Huntley's Amanze Egekeze Northwest Herald Boys Basketball Player of Year

Huntley senior Amanze Egekeze is the Northwest Herald Boys Basketball Player of the Year.
Huntley senior Amanze Egekeze is the Northwest Herald Boys Basketball Player of the Year.

The record speaks for itself.

In the past four seasons, Huntley’s boys basketball team was 82-21 in games in which Amanze Egekeze played. That’s a winning percentage of .796.

Egekeze started as a spindly 6-foot-5 shot-blocking, role-playing freshman and blossomed into a dominant NCAA Division I recruit who could take over games on both ends.

No matter what part Egekeze played, however, there usually was winning involved.

“Winning is not just something you do,” Egekeze said, “it’s really a skill. From a young age, for me winning was important. I truly think it’s a skill.”

If that is the case, Egekeze and Huntley mastered that skill just like they had shooting, ballhandling, defending and rebounding. The Red Raiders finished 21-8 this season, won their fourth consecutive Fox Valley Conference Valley Division championship and third Class 4A regional title in four years.

Egekeze, the 6-8 forward headed to Belmont, was the driving force, averaging 17.8 points, 7.7 rebounds and 2.9 blocked shots a game. He is the first FVC boys player to play on four straight conference or division champions and is the 2014 Northwest Herald Boys Basketball Player of the Year.

The honor is voted on by the sports staff with input from area coaches. Joining Egekeze on the All-Area first team are Cary-Grove’s Jason Gregoire, Jacobs’ Chrishawn Orange, Marian Central’s Adam Pischke and Crystal Lake South’s Austin Rogers.

Named to the second team were Prairie Ridge’s Michael Bradshaw, Hampshire’s Ryan Cork, Huntley’s Zach Gorney, Richmond-Burton’s Sam Kaufman and Marengo’s Zach Knobloch.

Egekeze shot 49.4 percent from the field, 75.3 percent from the free-throw line and finished his career with 1,114 points. He was a difficult matchup because he could handle the ball well, hit outside shots and also take command inside.

Huntley coach Marty Manning considers Egekeze a coach’s dream in every way.

“He never took anything for granted in practice, he worked hard every day on his game,” Manning said. “That was really important for our guys to see how committed he was, to know you have to practice hard every day to accomplish the goals we wanted to.

“He is the perfect role model for a basketball program. You want kids to excel athletically and academically, and really commit themselves to the game and the team. He really did that. He’ll be sorely missed for a lot of reasons, not just basketball.”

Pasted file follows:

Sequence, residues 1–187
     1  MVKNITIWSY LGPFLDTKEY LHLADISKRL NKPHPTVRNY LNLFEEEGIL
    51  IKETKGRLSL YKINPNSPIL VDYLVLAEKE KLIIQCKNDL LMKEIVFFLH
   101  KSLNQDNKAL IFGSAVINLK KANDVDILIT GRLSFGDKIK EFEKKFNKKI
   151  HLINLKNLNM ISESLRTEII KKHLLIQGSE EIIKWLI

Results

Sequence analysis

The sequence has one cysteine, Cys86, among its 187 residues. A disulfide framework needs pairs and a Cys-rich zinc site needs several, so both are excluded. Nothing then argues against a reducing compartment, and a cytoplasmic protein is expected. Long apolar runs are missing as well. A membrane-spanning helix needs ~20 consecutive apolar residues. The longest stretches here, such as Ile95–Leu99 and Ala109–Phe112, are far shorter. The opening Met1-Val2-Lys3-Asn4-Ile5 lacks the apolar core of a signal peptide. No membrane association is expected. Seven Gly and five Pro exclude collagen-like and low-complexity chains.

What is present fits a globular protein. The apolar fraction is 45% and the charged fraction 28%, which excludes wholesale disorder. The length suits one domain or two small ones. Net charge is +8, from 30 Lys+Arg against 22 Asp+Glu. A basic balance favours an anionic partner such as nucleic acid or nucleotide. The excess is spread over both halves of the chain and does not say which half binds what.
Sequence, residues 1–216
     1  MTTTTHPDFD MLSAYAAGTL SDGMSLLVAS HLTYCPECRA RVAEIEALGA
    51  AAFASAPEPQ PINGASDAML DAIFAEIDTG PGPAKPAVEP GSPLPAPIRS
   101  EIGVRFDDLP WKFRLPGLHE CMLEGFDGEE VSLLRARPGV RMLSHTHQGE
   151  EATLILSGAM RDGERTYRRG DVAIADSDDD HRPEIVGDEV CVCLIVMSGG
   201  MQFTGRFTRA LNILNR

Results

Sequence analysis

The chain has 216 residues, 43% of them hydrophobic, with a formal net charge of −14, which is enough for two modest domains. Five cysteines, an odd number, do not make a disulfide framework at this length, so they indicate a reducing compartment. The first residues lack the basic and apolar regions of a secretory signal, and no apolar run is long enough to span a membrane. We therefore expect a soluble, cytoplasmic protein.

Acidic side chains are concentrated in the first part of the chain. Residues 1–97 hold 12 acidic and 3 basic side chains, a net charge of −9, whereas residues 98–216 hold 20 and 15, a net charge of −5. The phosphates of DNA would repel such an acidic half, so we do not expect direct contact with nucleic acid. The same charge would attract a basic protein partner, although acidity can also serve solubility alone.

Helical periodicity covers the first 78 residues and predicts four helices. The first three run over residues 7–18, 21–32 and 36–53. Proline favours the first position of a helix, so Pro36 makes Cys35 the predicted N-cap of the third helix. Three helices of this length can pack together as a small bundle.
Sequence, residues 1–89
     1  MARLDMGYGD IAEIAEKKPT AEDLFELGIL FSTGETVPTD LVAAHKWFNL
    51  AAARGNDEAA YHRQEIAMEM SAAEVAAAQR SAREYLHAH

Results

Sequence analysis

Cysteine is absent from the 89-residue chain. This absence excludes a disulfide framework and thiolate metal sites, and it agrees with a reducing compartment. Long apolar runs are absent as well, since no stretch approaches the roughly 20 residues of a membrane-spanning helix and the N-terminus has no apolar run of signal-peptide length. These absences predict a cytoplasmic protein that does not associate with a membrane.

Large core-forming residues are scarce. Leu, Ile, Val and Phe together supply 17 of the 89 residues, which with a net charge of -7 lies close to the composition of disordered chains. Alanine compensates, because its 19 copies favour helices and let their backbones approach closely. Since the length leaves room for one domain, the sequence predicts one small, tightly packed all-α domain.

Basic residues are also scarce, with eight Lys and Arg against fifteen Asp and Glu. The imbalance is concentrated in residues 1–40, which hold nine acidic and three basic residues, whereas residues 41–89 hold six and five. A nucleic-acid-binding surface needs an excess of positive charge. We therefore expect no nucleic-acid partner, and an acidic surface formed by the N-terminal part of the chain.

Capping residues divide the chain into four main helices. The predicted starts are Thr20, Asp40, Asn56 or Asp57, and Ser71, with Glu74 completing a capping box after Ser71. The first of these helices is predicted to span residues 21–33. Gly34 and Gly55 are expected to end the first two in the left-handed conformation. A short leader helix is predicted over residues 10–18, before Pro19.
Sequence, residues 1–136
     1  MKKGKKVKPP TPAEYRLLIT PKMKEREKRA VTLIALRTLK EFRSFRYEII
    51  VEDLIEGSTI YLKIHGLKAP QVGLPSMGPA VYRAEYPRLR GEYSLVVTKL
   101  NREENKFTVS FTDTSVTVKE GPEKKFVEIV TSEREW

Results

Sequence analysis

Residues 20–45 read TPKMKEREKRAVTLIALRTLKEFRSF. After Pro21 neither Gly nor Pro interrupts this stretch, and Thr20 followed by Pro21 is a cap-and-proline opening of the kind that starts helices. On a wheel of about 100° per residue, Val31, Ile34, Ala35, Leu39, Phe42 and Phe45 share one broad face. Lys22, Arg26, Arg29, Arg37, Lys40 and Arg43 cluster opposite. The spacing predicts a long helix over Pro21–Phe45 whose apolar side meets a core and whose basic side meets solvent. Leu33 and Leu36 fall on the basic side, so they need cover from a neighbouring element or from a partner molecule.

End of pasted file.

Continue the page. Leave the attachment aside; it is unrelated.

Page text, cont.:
Egekeze missed the first 13 games of his junior season after undergoing surgery on his right knee to relieve patellar tendinitis. He returned for the second half to help the Raiders to their third division title in a row. This season, he took his game to another level, although he remained quite unselfish with his play, averaging 14 shots a game.

“A lot of players with my ability would say they should be getting more shots, but in the bigger scheme of things, I feel it would be sending the wrong message to my team and often would be detrimental to what we were trying to do,” Egekeze said. “I could live with us losing, but I couldn’t live with knowing I could have been more aggressive. At the end of games, I had to say to myself, ‘At least I took those shots and was aggressive.’ I think I did a good job of being assertive and also deferring and playing within the system.”

Forward Riley Wicks thoroughly enjoyed the experience of playing with Egekeze.

“He’s one of the fiercest competitors on our team and he’s probably one of the best players to come out of the Fox Valley Conference in a long time,” Wicks said. “He led mostly by example. He’s definitely one of the hardest workers on our team.”

Wicks and the other Huntley players look forward to seeing Belmont, a member of the Ohio Valley Conference, on TV and possibly in the NCAA tournament.

Manning thinks Egekeze has just scratched the surface of what he can do.

“The things that he needs right now are things that high school programs can’t provide,” Manning said. “Specific one-on-one workouts to get him stronger, one-on-one skill developments he’ll get and playing against other Division I players every day.”

Egekeze will get that starting in June. He will head to Belmont, in Nashville, a week after graduation and enroll in summer classes. There, he will work out with his teammates and prepare for his freshman year.

He will take with him lessons from Manning and past Huntley players such as Dylan Neukirch, Tyler Brunschon, Justin Frederick, Troy Miller and Bryce Only, along with his teammates this season, all who played roles in all that winning.

“I’m proud of the strides we’ve made with the guys I grew up playing with,” Egekeze said. “I was just glad to be a part of history at our school. It’s been a great experience.”

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